Recognizing the Debt Danger Signals


The saddest truth of unmanageable debt is most people’s inability to see that their debt monster is out of control. People simply don’t want to see that they have a real problem brewing.


Unfortunately, denial of the problem and the refusal to take early measures tends to make the situation worse. It prolongs their suffering and ultimately limits their options later. The biggest advice we can possibly give: Don’t wait until its too late, address your issue NOW.


Look for the early warning signs of financial trouble, and seek debt recovery help sooner rather than later.


Despite the recession, or perhaps as result of covering necessities because of it, Canadians continue to borrow at record levels. From 2001, the level of household debt has doubled.


The average Canadian adult has a record level of over $40,000 in unsecured household debt, including credit cards, bank loans, etc. Many of us are obviously carrying a significant amount of debt when job loss, illness, or other crisis beyond our control strikes.

That’s a staggering statistic. If you are the average Canadian, your debt has doubled but your income has not. Evolving into eventual debt trouble is unavoidable.


Comparing Average Canadians in Debt
Personal Information:Credit-Thriving
Average Age2
Married or Common-law3
Divorced or Separated
Average family size3
Average monthly income4
Total credit card debt5
Total unsecured debt6

Standard Debt Limit Calculations

The monthly disposable income guideline says that spending more than 20% of disposable (net) monthly income on consumer debt repayment is a sign of financial difficulty.  If the family is larger than average, or the income is smaller than average, or the family wants are quite high, the 20% guideline is a sign of grave financial difficulty.


Some of us are fortunate to not be facing unmanageable debt. The truth is a lot of families are in serious financial trouble. Our ability to service our debt is a combination of the amount of debt we have (which is high), the interest rates we are paying (which are low today on most forms of debt), and our income (which for many Canadians has decreased during the recession). Our household debt as a percentage of our personal disposable income continues to rise.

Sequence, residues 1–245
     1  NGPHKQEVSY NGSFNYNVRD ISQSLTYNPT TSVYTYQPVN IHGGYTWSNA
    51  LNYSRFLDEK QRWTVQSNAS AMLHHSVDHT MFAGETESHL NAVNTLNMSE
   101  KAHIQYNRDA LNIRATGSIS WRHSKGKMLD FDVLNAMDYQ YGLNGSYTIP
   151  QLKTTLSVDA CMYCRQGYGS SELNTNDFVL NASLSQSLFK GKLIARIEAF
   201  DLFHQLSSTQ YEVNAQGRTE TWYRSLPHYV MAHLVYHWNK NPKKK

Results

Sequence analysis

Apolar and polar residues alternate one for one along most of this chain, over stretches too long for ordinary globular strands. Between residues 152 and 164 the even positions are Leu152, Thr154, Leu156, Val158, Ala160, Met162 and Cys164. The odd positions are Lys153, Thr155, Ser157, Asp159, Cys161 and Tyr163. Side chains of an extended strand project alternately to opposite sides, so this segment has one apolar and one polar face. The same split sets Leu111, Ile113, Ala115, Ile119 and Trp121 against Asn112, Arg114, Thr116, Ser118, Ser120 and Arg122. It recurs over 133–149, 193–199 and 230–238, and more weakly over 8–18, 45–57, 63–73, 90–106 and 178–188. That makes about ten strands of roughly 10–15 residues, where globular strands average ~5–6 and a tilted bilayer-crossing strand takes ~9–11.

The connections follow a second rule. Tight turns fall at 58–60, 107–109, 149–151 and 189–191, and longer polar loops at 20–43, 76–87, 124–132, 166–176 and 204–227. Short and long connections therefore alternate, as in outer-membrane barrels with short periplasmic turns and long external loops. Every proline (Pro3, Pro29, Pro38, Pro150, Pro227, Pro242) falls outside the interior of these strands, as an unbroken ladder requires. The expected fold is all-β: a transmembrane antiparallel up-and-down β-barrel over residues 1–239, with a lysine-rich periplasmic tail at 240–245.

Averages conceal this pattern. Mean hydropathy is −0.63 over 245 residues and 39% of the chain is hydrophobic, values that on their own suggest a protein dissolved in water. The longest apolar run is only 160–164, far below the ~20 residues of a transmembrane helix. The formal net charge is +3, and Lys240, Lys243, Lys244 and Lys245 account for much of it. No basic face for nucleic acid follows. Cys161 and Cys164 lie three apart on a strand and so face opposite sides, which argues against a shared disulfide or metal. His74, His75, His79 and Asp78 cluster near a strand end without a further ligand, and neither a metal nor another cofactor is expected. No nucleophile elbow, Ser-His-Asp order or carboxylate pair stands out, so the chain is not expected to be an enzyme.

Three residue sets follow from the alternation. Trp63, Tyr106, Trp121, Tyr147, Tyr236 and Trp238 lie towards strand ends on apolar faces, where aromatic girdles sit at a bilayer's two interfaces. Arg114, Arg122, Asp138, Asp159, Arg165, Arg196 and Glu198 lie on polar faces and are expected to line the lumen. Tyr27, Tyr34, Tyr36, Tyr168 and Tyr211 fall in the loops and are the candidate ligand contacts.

In fact, according to the most recent numbers available, the average Canadian adult is carrying household debt of 140.8% of their personal disposable income. That’s the highest level in history and growing by approximately 6% per year. If you are the average Canadian, this means for every dollar you earn, you have $1.41 in debt. Obviously during this recession our debt has increased much faster than our income, and Canadians are spending more of each dollar they earn servicing their debts.


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If you have a good job, and if interest rates stay low, you will probably be able to continue to service your growing debts for some time. Remember though… all it takes is a slight change in our situation, one too many debts, layoffs or injury, to knock us over the edge into insolvency.


When the wind changes; if you were to lose your job, or have your hours cut back at work, or go through a divorce, or have a medical problem so you couldn’t work, you wouldn’t be able to continue paying your mortgage, your car loan, your line of credit, and your credit card bills because your survival food, shelter, utilities take all the money you can manage to pay.


The way the credit system and economy has evolved, it is almost guaranteed that a very high percentage of people are going to fall into financial trouble.  This kind of trouble is going to be seen as a sign of our times.  The fact that so many people will need to cry “Uncle” means that debt or credit problems can no longer be considered a profound personal disgrace or blight on your integrity to be hidden. In the good times you were taught to believe in a “Buy Now Pay Later” credit lifestyle by those who could profit by your ongoing use of credit. No one could foresee this economic shift or considered possibilities of growing out of control in crisis. You will continue to grow into worse financial condition as long as you do not take action and eventually the outcome of action to be taken will be the same or will have worsened. No one should feel disgraced by taking action to stop the bleeding and get on with a happy productive life. So do not delay, if your debt has become unmanageable, take action Today!

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